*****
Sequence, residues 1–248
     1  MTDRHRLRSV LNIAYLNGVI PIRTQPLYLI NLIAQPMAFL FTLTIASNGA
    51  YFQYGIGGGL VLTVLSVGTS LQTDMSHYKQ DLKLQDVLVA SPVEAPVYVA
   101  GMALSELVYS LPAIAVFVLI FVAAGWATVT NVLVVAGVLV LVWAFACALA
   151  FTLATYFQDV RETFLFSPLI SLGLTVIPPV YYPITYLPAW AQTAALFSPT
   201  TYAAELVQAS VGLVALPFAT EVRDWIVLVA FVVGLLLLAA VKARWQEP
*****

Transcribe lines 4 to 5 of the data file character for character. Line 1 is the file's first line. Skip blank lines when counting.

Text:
   101  GMALSELVYS LPAIAVFVLI FVAAGWATVT NVLVVAGVLV LVWAFACALA
   151  FTLATYFQDV RETFLFSPLI SLGLTVIPPV YYPITYLPAW AQTAALFSPT